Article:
Let's get to the bottom of the United Airlines snafu
Robert Reed, a longtime business journalist who has co-authored a textbook on the field, writes on the Huffington Post Monday that he wants to know how a six-year-old story about United Airlines in bankruptcy court protection was able to make it back online on a newspaper’s Web site.
Reed writes, “I’m not talking witch hunt or publicly pillaging some content producer who didn’t know any better. Nor is this meant to sound sanctimonious. Having been in business journalism for a long while, I know bad things can happen to anyone at any time.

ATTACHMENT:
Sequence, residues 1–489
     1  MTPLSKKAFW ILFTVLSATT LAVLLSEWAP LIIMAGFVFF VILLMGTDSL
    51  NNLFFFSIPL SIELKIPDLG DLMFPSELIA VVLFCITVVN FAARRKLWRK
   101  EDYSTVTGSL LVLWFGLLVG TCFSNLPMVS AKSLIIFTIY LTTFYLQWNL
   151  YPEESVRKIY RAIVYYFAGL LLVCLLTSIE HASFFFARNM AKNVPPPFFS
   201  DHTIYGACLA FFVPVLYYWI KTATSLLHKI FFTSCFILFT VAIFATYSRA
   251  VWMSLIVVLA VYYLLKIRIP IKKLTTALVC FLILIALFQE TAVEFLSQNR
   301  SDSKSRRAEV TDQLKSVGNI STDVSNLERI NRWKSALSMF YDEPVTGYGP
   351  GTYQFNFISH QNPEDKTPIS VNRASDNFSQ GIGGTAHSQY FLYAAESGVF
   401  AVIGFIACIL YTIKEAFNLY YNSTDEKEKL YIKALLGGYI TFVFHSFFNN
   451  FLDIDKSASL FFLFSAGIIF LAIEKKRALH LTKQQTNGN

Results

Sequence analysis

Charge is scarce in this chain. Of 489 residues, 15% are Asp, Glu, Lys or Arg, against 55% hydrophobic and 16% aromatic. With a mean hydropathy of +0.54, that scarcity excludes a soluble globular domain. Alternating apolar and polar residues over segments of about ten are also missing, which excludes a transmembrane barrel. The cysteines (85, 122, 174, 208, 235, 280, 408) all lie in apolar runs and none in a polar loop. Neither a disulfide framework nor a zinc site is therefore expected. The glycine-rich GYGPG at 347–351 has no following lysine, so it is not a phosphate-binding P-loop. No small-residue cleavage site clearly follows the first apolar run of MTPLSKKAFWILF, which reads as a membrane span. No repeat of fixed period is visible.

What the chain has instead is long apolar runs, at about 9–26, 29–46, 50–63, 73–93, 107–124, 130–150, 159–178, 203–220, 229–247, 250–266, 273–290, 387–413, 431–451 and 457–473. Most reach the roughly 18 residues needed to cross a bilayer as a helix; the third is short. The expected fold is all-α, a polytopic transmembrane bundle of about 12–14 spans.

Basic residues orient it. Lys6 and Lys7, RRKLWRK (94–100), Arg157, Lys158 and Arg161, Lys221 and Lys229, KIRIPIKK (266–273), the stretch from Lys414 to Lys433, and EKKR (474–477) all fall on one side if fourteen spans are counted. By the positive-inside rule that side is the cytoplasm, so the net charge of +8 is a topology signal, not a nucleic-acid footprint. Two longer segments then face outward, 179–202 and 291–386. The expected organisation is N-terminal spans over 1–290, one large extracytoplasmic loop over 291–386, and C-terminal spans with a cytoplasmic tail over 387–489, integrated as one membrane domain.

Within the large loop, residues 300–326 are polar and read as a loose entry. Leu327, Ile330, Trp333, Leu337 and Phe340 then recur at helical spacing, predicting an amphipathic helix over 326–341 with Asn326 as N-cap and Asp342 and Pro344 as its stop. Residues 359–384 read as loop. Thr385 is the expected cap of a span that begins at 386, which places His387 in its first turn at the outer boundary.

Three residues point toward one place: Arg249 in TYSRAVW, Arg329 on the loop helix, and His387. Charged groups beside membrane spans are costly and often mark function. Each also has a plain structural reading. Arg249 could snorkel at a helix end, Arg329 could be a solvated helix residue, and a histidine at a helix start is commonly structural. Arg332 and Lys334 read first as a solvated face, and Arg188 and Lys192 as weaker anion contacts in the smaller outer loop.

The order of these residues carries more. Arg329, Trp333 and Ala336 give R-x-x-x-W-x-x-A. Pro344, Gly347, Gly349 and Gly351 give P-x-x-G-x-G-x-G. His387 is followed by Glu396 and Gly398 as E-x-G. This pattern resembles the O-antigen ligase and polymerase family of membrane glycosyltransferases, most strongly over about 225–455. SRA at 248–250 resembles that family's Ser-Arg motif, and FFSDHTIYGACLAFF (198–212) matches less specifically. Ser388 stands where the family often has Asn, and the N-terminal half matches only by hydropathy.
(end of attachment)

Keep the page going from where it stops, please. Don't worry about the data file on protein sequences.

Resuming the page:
“But let’s not be too empathetic. With millions of dollars at stake — along with the Tribune Co.’s credibility — everyone linked to this faulty process should be called on the carpet. At the very least, TribCo web producers should be put on notice about being extra careful when handling reports of bankruptcy, bank failures or issues pertaining to the solvency of a business.
“TribCo.’s not alone. Bloomberg needs to question its decision to pick up a bankruptcy report on a Chicago-based airline from a Florida newspaper’s web site. That’s the type of story that should ring alarm bells, no? But I can speak from experience and say Bloomberg takes its relationship with users very seriously, so expect some quick corrective action there.”
Read more here.